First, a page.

The Bulletproof Coffin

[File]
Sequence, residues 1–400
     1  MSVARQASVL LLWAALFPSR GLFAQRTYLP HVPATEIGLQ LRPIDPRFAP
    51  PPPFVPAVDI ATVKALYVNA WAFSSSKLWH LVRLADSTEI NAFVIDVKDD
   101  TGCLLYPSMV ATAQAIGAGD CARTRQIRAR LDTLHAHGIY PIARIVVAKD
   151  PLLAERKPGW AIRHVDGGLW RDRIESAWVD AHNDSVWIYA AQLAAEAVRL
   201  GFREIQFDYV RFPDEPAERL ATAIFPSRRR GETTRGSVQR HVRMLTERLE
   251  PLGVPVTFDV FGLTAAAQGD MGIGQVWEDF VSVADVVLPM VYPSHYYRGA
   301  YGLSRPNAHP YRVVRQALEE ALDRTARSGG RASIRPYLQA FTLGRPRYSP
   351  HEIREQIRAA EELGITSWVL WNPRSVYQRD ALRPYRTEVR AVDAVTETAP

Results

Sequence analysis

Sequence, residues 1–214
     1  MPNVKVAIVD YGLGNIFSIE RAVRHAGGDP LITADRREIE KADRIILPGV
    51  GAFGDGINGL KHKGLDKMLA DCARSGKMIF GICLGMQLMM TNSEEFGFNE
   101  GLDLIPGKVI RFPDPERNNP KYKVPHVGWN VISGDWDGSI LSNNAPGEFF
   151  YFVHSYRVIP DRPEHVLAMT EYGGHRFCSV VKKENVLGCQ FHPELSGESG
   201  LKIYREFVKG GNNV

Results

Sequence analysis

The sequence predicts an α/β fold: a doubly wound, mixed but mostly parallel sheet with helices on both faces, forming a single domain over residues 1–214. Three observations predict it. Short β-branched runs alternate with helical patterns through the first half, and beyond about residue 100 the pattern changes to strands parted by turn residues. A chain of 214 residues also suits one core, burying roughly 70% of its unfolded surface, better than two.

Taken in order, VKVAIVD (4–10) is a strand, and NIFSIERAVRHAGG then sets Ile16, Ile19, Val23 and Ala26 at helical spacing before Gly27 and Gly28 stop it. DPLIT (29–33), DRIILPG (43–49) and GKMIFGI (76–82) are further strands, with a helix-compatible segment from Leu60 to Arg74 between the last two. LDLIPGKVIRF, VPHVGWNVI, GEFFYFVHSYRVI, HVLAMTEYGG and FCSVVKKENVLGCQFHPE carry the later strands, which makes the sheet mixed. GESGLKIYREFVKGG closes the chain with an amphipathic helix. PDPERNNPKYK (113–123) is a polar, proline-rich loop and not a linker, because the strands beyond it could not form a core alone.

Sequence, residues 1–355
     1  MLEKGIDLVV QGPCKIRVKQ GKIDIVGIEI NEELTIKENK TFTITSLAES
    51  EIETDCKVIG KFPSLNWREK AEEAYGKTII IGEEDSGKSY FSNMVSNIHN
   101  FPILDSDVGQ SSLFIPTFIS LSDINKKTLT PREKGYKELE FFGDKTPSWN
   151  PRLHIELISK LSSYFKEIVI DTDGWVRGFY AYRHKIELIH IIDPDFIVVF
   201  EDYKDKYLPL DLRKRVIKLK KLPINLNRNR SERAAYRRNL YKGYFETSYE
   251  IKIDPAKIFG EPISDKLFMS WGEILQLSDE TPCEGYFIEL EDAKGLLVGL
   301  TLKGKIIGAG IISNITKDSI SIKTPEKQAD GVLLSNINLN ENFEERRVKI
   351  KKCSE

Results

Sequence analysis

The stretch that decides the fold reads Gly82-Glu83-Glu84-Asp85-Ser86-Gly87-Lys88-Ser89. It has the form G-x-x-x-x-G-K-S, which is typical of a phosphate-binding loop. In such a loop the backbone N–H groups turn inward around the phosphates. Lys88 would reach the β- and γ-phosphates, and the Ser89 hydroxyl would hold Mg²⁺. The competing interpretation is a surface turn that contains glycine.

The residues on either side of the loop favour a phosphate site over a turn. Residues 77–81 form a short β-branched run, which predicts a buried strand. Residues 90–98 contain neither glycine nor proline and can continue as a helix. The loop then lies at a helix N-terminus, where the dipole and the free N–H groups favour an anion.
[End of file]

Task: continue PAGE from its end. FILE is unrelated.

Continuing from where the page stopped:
Fitting to read this shortly after Flex Mentallo, since it's also a meta-comic about the history of comics. Kane and Hine focus slightly more on the subject of creators rights and how they've been squashed under the mighty Big 2 Publishing (the villains of the piece). The Creators end up cashing in and leaving the more innocent era behind, implicating themselves in the death of their characters (although two are allowed a kind of un-dead existence at the end). That's what the whole comic is: a brief revival of things we have moved on from. In the world of modern comics, it's a zombie. Unlike Morrison, Hine and Kane don't offer anything 'new' here – in their hands Bulletproof Coffin becomes a pastiche of 'old' stories and styles. What saves it from being completely moribund is Kane's colourful artwork and Hine's arch narrative, which is impressively taught and organised for a story this chaotic.